Comprehensive DescriptionRead full entry
Ischnocnema guentheri is a small direct-developing frog (19-40mm SVL, belonging to the I. guentheri species series of Hedges et al. (2008) and closely related to I. parva (Heinicke et al. 2007). The snout is fairly long and acuminate in dorsal view. Nostrils lateral. Eyes large, fairly prominent, with the diameter about 1.5 times the snout length. The tympanum is distinct, with the diameter about 1/5 that of the eye. Single vocal sac weakly indicated, males with vocal slits. The first finger is about the same length as the second. Fingers free, without webbing, fairly long, all with dilated tips, a pronounced rounded tubercle at the base of the first finger; metacarpal tubercles well developed. Legs and toes long, with enlarged discs, fifth toe longest. Outer metatarsal tubercle rounded. Dorsal texture smooth or very finely granular. Ventral texture smooth.
Dorsal color can vary greatly from dark brown, uniform dark, brick red, green or pale cream. Posterior surface of the thigh almost uniform brown. Dark sacral spots present. Most individuals bear an interrupted or complete dark stripe in the anterior surface of the tibia. The belly is smooth and can vary from light yellow to golden yellow or cream, just like the inner side of the tibia. Heel with tubercles (Cochran 1955; Heyer 1984; Heyer et al. 1990). The species exhibits sexual size dimorphism, with males being smaller than females (Heyer 1984). Mean body mass is 1.77g (Rocha et al. 2007).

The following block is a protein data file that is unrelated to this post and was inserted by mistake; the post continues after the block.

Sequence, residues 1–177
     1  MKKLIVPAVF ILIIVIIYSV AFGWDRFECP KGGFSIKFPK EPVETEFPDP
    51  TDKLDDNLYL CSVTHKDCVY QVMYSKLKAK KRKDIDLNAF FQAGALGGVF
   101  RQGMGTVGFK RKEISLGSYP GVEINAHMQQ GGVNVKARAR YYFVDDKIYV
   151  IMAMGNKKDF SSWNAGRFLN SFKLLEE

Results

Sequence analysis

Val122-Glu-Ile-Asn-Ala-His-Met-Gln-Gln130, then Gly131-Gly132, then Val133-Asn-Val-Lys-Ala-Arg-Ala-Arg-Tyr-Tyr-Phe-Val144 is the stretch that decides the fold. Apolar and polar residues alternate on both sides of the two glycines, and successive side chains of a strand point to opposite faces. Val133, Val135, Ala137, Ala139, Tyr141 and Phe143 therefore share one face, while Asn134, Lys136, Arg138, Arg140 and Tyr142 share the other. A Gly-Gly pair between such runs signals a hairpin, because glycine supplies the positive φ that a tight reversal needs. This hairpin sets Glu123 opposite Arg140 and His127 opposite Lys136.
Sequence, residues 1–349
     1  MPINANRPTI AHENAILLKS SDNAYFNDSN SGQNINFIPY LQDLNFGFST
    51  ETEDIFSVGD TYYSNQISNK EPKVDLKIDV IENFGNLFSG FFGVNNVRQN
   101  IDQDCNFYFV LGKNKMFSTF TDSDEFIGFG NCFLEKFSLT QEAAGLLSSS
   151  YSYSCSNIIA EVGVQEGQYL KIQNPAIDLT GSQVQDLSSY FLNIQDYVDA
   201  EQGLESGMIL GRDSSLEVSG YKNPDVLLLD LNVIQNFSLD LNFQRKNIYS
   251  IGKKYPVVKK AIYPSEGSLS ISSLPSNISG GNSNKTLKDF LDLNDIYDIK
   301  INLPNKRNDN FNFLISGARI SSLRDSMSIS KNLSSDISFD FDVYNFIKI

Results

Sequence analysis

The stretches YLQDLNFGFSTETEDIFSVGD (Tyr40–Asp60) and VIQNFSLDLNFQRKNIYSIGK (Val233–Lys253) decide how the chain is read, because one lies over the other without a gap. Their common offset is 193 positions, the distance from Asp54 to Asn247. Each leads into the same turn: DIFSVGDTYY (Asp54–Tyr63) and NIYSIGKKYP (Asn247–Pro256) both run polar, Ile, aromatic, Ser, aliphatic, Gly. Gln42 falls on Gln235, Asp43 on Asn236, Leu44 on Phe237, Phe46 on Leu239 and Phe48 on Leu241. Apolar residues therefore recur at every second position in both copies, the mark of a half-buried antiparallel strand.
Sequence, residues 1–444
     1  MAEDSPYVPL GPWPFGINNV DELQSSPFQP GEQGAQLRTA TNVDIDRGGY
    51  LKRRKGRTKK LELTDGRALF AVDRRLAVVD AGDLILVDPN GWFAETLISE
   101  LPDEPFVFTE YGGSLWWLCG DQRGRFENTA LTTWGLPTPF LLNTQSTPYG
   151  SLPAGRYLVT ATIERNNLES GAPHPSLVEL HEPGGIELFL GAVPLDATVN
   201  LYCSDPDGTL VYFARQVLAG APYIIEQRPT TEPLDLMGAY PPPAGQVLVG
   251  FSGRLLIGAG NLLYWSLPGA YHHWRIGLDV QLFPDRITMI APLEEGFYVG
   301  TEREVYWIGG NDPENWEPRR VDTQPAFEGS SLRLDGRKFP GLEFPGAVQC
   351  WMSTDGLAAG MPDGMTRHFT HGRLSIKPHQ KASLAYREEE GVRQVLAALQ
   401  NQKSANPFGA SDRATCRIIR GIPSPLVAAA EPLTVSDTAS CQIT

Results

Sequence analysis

The species has a diploid chromosomal number of 2n = 22 (Beçak 1968; Siqueira et al. 2004).
The name of the genus comes from the Greek words ischnos, meaning slender or weak, and kneme, meaning calf of the leg (Hedges et al. 2008). The species is named for Albrecht Karl Ludwig Gotthilf Günther (October 3, 1830 - February 1, 1914), a German-born British zoologist. A photo of the holotype is available in Kwet and Solé (2005). A table with distinctive traits that can differentiate I. guentheri from other members of the group from southeastern Brazil is available from Heyer (1984: 21).
Kwet and Solé (2005) stated that there are at least three cryptic species under the name of I. guentheri, revealing the necessity of taxonomic clarification.